Bagasse is the fibrous matter that remains after sugarcane or sorghum stalks are crushed to extract their juice. It is dry pulpy residue left after the extraction of juice from sugar cane. Bagasse is used as a biofuel and in the manufacture of pulp and building materials.
Agave bagasse is a similar material that consists of the tissue of the blue agave after extraction of the sap.
Bagasse can also be very useful to generate electricity. Dry bagasse is burnt to produce steam. The steam is used to rotate turbines to produce power.
The bagasse of barley malt can be used to make bread. It can also be used as food for animals. Also called beer bagasse: By-product of the beer industry resulting from the pressing and filtering process of the must obtained after the saccharification of cereal grain (barley, basically) malting. It is a wet product whose dry matter content is 20-25%. There are no significant differences in chemical composition correlated with the dry matter content, although this is variable. In the market it receives other names such as beer barley, and is the equivalent term to what the Anglo-Saxon world knows as “wet brewers’ grains”.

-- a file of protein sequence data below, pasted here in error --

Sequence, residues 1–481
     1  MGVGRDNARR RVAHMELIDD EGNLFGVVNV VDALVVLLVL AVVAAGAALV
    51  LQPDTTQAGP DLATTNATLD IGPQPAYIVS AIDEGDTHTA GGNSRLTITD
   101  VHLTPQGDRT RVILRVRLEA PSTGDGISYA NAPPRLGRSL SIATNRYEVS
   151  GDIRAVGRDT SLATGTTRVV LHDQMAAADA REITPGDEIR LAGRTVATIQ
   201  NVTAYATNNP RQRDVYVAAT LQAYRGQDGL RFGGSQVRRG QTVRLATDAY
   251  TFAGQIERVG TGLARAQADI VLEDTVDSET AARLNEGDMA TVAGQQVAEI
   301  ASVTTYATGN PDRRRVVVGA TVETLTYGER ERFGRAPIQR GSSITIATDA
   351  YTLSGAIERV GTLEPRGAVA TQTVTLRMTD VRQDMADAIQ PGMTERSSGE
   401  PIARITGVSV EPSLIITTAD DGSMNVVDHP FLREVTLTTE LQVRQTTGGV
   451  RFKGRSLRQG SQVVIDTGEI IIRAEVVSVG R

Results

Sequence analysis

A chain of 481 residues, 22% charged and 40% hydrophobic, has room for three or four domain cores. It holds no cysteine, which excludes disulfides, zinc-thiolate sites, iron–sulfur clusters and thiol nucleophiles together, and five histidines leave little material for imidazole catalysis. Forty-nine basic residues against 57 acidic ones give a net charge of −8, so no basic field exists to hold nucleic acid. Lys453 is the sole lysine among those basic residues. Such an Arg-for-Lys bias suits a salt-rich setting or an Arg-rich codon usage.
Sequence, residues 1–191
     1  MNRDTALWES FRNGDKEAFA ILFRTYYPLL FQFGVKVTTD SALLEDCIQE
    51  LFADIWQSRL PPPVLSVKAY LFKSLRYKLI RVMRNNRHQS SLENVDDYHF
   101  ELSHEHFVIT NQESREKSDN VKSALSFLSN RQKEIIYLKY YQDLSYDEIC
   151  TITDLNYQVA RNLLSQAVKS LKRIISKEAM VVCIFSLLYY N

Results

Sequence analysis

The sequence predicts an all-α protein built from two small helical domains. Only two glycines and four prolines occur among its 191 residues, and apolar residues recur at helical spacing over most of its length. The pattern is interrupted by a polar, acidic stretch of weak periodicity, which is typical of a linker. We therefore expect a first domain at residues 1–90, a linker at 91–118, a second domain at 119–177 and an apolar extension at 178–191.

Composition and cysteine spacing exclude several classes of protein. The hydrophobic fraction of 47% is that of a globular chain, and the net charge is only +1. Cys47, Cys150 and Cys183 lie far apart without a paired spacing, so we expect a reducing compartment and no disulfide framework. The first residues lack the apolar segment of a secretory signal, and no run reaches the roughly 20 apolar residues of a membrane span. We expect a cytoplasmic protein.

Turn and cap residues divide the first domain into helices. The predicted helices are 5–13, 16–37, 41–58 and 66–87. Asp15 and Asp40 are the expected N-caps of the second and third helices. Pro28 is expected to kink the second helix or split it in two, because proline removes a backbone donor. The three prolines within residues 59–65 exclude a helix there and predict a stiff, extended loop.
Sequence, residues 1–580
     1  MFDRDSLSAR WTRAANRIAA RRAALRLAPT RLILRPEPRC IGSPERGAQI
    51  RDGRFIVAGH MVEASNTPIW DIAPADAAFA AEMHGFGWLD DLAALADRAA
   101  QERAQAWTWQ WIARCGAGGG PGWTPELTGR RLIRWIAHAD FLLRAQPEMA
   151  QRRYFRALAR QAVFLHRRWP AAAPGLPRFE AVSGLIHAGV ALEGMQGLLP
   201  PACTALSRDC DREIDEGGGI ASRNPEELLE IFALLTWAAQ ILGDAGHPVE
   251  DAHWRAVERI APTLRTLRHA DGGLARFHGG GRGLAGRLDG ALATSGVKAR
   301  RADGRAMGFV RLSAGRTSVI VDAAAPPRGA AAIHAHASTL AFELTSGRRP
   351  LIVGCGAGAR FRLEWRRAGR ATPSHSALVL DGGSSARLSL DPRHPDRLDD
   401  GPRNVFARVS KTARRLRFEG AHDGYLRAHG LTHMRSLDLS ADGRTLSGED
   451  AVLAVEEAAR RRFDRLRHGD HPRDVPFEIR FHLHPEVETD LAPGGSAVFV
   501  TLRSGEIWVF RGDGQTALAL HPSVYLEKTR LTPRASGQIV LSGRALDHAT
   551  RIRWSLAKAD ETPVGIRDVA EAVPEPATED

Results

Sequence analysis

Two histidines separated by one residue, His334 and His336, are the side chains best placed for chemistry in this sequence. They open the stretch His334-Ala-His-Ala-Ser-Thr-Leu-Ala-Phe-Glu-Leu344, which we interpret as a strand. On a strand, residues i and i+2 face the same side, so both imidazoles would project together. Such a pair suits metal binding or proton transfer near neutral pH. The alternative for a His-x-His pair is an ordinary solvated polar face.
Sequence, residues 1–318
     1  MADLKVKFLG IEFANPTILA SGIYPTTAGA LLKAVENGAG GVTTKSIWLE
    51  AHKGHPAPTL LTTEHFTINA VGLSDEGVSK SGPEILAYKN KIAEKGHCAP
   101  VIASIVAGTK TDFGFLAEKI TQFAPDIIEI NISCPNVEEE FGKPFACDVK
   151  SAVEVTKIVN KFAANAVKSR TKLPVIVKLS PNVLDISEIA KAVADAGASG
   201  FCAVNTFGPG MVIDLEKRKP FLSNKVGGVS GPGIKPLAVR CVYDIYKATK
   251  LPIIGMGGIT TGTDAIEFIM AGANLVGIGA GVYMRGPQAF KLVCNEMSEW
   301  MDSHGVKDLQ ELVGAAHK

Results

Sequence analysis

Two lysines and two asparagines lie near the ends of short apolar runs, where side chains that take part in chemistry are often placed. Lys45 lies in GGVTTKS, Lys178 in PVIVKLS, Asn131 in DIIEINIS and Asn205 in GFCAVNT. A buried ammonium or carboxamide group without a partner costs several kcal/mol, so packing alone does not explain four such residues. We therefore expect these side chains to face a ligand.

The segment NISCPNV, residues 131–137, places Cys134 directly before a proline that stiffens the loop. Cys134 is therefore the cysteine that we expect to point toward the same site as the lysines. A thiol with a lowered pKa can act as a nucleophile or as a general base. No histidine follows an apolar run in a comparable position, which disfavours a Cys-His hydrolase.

The bagasse of beer is a byproduct rich in protein, with an average protein content of 24-26% on dry matter. The ether extract represents 6%. It is a by-product also rich in fiber, with a NDF content of 44% and FAD of 20%, although it is a very ineffective fiber (18%). The lignin content is 5% and the ash content is 7%. In the mineral waste, the P content (6 g / kg) stands out, being lower (3 g / kg) the Ca content.
The metabolizable energy content of this by-product is 2.86 Mcal / kg. The effective degradability of the protein is low (50%), with the rate of degradation being 7% / h. It is therefore a high protein content food, being this a protein that escapes, in good part, from ruminal degradation.